The O Antiphons for Advent

O Wisdom which camest out of the mouth of the most high, reaching from one end to another, mightily and sweetly ordering all things;
come and shew us the way of understanding.

O Lord and Ruler of the house of Israel, who didst appear to Moses in a flame of fire in the bush and gavest him the Law in Sinai;
come and redeem us with thine outstretched arms.

O Root of Jesse who standest as the ensign of the people, before whom kings shall not open their lips, to whom the nations shall pray;
come and deliver us, tarry now no more.

O Key of David and sceptre of the House of Israel, thou that openest and no man shutteth, who shutteth and no man openeth;
come and lead the captive from prison, sitting in darkness and in the shadow of death.

O Dayspring, splendour of eternal light and sun of righteousness;
come and enlighten them that sit in darkness and in the shadow of death.

O King of Nations and their desired one, thou corner-stone who makest both one;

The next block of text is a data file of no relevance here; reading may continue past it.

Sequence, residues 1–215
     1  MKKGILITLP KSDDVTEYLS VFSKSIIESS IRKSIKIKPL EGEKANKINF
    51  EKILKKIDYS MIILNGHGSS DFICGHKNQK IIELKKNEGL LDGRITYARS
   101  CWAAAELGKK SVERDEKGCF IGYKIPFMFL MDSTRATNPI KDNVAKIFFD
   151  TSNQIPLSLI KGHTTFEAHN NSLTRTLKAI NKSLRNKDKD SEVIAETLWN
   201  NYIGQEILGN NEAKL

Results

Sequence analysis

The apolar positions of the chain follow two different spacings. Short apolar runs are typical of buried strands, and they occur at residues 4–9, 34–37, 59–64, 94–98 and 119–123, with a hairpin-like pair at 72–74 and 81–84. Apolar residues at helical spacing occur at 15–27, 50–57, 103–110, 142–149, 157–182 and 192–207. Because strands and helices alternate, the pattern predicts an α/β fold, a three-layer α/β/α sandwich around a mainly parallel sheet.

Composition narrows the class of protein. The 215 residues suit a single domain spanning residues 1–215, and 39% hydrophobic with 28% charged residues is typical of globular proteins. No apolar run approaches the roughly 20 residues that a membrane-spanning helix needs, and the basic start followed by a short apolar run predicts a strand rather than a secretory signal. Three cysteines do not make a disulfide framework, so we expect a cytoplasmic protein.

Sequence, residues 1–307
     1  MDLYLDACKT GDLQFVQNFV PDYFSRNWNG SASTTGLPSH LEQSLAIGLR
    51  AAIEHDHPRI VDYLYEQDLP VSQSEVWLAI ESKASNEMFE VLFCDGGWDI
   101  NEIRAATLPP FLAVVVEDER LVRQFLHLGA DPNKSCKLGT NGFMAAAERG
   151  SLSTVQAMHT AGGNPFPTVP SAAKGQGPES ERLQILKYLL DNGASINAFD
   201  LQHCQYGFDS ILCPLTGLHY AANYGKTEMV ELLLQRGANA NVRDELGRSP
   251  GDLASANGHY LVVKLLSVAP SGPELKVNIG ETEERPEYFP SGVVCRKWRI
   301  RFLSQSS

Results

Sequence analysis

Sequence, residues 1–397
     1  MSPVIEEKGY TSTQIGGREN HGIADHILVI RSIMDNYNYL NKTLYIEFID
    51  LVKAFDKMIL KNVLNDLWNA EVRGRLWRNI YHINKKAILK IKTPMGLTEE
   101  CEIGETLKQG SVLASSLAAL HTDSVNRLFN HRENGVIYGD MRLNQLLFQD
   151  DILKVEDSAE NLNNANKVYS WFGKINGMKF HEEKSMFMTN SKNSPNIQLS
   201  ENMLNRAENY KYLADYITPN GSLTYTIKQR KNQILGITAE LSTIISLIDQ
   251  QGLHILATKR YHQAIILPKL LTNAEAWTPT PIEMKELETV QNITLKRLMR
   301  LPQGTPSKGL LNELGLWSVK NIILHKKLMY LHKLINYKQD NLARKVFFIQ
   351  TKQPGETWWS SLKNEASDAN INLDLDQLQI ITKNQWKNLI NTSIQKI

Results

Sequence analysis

come and save man whom thou hast formed from clay.

O Emmanuel our king and lawgiver, the hope of all nations and their saviour;
come and save us, O Lord our God.

The seven "O's" or antiphons were sung before and after the Magnificat at Vespers in the week before Christmas. In Latin the seven begin as follows:

  • O Sapienta...
  • O Adonai...
  • O Radix Jesse...
  • O Clavis David...
  • O Oriens...
  • O Rex gentium...
  • O Emmanuel...

The initials of the seven, read backwards as an acrostic, spell ero cras ("tomorrow I shall be there"). The practice of singing the Greater Antiphons dates from before the 9th century. The antiphons were never sung together, but one on each of the seven days leading up to Christmas.

Nigel Day

O come, O come, Emmanuel - read more about this Advent hymn.
St Peter's Church, Nottingham
Last revised 30th November 1999